By Felicita Robinson
When Martha invited me to spend the summer vacation with her, I was overjoyed. This was my first trip to the country part of Jamaica. Being a city girl, I was delighted that I was going to actually spend the entire summer away from the city. However, I didn’t bargain for what happened during that summer, which made it the most memorable vacation of my entire life.
Martha’s grandparents picked us up one Sunday morning and we headed for St. Thomas at the northeastern end of the island. St. Thomas is noted for its coconut trees and copra, which is the dried white flesh of the coconut from which coconut oil is extracted.
As we approached Bowden, the town where Martha’s grandparents lived, I noticed that a lot of coconut trees dominated the skyline. This did not come as a surprise as Martha always shared this fact with me.
My first night in Bowden, however, was filled with many surprises. First, there was no electricity! Kerosene lamps were brought out on the verandah and lit as we all met after dinner. This was the time of day when the family shared the day’s events. As I sat and listened to the conversations, I noticed the fireflies outside, as they lit up the dark sky. This was also another surprise for me, as we rarely see fireflies in the city. Fireflies are called peenie-wallies in Jamaica.
That night the countryside seemed like a different world to me. The air was cool, fresh and misty. Only the conversations on the verandah competed with the sounds of the frogs and the crickets. The moths buzzing around the lamps made their own music too. Then there was the sweet scent of the jasmine blossoms which hung heavily in the air. The night was truly magical and peaceful, and soon I started dozing. Suddenly, from a distant I faintly heard my name and thought I was dreaming, but soon realized that I was not.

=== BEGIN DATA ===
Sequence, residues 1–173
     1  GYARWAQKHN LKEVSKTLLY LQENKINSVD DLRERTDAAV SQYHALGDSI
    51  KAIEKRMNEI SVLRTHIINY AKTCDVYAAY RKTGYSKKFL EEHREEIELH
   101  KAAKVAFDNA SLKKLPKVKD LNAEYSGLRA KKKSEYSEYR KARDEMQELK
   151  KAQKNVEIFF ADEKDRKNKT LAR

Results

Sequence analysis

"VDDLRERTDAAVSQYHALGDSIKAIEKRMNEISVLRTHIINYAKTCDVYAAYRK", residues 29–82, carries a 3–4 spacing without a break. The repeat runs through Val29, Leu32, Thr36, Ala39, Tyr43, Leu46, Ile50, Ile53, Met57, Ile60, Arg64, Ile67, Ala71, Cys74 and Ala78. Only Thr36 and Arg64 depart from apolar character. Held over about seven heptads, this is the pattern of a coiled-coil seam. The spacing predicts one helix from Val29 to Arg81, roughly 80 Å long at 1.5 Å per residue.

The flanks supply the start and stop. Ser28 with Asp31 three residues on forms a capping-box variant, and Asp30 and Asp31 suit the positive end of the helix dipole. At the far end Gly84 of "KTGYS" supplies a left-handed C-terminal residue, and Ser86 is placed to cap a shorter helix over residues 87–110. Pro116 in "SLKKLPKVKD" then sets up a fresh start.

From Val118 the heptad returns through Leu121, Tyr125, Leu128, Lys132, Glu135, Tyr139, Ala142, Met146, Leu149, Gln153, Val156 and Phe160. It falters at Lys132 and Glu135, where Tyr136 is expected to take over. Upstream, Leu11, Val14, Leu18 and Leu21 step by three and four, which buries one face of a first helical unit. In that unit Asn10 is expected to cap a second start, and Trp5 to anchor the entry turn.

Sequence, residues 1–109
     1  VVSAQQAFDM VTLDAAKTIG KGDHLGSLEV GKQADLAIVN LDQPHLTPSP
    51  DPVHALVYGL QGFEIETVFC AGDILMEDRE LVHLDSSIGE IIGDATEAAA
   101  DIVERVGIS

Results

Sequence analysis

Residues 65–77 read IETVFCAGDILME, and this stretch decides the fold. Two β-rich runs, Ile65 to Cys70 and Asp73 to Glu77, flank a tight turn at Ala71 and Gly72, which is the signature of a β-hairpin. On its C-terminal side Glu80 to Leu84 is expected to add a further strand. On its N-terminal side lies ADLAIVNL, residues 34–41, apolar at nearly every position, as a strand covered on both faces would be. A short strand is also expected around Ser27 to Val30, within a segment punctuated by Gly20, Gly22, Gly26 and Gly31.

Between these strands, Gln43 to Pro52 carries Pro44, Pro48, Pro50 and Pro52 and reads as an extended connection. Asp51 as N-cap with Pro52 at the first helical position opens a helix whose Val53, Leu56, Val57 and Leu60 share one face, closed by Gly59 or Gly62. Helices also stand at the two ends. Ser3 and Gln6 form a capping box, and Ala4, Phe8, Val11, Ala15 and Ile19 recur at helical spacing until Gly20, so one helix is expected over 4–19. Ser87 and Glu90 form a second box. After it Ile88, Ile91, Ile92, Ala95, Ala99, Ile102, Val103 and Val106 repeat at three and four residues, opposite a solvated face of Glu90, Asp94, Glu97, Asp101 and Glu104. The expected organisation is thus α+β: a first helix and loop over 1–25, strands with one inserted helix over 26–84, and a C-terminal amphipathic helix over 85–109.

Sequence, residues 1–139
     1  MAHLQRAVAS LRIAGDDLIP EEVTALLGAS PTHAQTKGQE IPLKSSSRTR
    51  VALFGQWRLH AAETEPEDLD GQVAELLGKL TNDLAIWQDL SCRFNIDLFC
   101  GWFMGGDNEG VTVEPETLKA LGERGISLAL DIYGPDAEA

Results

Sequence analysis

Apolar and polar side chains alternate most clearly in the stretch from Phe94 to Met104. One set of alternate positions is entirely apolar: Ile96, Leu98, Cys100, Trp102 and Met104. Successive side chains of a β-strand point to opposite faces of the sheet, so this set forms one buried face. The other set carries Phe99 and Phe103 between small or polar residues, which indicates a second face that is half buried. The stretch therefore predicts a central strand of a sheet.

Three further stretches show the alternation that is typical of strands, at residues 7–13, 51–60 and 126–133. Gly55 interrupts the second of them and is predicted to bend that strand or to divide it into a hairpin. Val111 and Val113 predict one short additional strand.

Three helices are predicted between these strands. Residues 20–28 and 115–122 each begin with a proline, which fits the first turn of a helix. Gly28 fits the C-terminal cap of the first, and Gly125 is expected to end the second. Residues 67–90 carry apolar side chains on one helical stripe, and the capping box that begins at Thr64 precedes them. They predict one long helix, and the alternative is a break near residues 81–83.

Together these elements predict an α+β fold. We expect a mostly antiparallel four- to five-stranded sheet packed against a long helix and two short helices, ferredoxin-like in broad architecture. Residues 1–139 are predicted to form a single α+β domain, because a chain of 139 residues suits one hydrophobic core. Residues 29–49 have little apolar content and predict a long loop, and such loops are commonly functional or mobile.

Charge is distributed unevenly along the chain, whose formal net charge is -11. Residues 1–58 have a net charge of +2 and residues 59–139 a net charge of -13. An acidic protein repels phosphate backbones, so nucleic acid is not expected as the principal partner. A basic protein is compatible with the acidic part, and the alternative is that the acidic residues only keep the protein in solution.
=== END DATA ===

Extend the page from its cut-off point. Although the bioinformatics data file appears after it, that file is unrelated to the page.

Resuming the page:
“Cherie,” said Martha’s grandmother, Mrs. Archer, “come to bed and bring one of the lanterns with you.”
I jumped up somewhat confused and rubbed both my eyes. As I got accustomed to my surroundings, I noticed that except for the verandah, now brightly lit by two lanterns, the rest of the house was in total darkness and I was alone. Everyone had gone inside!
I was afraid to go to bed. Gingerly I took up one of the lamps and held it tightly. I needed the support as I was now shivering. Slowly I walked towards my room and got another surprise. The bed was shrouded with a soft, white, net. This was hung from a circular frame attached to the ceiling above the bed. I hollered,
“Martha, come here quickly!”
Martha came dashing in the room.
Pointing to the ceiling I asked, “What’s that for?”
“For the mosquitoes. It’s to keep them from biting you, dummy.”
I gulped audibly. Martha left the room giggling and shouted over her shoulder,
“Cherie, you need to come to the country side more often.”
I managed a weak smile in the semi-dark room. Seeing the long shadows on the wall and this white net over the bed reminded me of evil spirits. As a child I had often heard stories of spirits and ghosts which always seemed to take place in the country side. Now I was shivering more than ever. Climbing quickly into the bed, I covered myself with the sheet from head to toes, vowing that in future I would go to bed the same time with everyone.